Netflix slips as move to end sharing subscriber count raises growth doubts

By Roshan Abraham and Harshita Mary Varghese

(Reuters) – Netflix shares fell on Friday as its plan to stop sharing subscriber numbers from 2025 stoked growth worries, with analysts warning that rivals may follow the step by scrapping the key metric on the streaming industry’s health.

Subscriber additions have long been watched by investors and Wall Street analysts to evaluate how companies, including Netflix, Walt Disney Co and Warner Bros Discovery, are faring in the streaming wars.

But after three quarters of blockbuster growth in subscribers, streaming pioneer Netflix said late on Thursday it would stop reporting the figure to focus more on revenue and profitability.

“Industries tend to work in unison and if one of the leading players decides it is better that investors judge performance on different measures, rivals might adopt the same logic,” said Dan Coatsworth, investment analyst at AJ Bell.

The move comes as some analysts raised concerns about how Netflix plans to maintain growth after its password-sharing crackdown, which helped it add 9.3 million new customers in the first quarter.

There are signs that streaming growth is saturating in the U.S. as it halved in 2023, data from research firm Antenna showed in February.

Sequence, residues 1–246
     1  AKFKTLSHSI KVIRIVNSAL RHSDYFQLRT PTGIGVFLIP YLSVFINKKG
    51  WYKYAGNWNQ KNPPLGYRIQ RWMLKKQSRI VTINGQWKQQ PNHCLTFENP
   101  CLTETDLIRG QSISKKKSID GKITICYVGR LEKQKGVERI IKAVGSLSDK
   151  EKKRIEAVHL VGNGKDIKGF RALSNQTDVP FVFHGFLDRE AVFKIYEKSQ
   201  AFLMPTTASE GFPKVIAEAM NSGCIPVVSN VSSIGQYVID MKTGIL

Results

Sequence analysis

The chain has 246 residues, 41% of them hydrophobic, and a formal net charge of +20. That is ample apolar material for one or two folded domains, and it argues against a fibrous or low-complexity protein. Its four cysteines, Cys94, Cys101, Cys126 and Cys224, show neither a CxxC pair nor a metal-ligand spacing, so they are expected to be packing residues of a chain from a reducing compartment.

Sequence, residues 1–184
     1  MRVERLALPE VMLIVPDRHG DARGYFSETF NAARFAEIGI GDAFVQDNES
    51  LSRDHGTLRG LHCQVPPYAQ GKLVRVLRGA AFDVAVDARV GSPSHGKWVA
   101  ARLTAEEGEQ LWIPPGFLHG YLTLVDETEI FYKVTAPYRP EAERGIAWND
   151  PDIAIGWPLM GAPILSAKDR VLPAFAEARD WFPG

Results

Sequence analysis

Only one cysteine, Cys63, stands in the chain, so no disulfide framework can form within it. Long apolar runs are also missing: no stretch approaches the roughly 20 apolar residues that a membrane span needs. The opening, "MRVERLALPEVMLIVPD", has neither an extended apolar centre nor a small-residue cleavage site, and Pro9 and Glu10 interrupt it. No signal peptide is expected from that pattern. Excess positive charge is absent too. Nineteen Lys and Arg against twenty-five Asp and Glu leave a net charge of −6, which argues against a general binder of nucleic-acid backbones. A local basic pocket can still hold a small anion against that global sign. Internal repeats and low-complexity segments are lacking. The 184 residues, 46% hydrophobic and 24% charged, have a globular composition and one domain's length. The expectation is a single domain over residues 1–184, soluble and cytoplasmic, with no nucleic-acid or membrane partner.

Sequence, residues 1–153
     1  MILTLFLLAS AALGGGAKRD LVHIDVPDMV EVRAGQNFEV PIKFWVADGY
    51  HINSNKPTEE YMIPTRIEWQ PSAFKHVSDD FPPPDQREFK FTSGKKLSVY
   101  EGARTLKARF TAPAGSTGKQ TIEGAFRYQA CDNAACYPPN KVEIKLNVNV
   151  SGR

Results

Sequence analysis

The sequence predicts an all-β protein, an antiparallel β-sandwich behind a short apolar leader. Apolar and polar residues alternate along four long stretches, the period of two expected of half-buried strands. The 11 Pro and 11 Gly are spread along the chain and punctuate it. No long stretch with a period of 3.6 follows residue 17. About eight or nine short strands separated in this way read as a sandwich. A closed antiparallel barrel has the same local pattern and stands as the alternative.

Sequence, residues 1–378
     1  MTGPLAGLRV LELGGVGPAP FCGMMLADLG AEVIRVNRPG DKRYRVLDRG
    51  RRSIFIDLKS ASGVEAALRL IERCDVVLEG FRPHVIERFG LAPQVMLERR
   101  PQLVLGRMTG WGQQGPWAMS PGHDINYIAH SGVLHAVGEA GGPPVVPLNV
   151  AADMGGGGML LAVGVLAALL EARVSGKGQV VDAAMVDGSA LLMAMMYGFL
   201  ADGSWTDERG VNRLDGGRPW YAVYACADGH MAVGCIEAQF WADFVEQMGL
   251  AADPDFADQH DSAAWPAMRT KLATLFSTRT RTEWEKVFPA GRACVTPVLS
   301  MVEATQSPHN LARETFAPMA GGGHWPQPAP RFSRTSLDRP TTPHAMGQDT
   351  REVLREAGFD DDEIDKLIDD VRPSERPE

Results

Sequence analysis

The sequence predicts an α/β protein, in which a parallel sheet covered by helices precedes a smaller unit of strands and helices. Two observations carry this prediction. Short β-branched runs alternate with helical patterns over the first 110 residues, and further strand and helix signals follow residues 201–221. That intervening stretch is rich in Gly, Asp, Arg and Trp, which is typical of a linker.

“While this is partially a sign of Netflix’s unrivaled market share, it also raises questions about the streamer’s ultimate ceiling in the current landscape,” said Brandon Katz, entertainment industry strategist for Parrot Analytics.

Netflix’s stock fell 7.3% to $565.85, its largest drop since July, as its revenue forecast for the second quarter was below estimates. If losses hold, its market valuation was set to fall about $19 billion.

Netflix slips as move to end sharing subscriber count raises growth doubts
FILE PHOTO: Smartphone with Netflix logo is placed on a keyboard in this illustration taken April 19, 2022. REUTERS/Dado Ruvic/File Photo

Netflix has said it plans to fuel future growth by working to improve the variety and quality of its entertainment and scale its advertising business.

Wolfe Research said the streaming giant could enter the bidding for NBA media rights, which mark a big change from its strategy of focusing on sports entertainment – content such as Formula One docu-series ‘Drive to Survive’ and WWE.

“Netflix leaps from subs to engagement (and less disclosure) at a pivotal moment: the NBA’s media rights sale. Will Netflix spend $1-3B for some of the NBA’s media rights? We think so. Sports is the biggest slice of the pay TV pie, and Netflix can accelerate sports brands’ globalization.”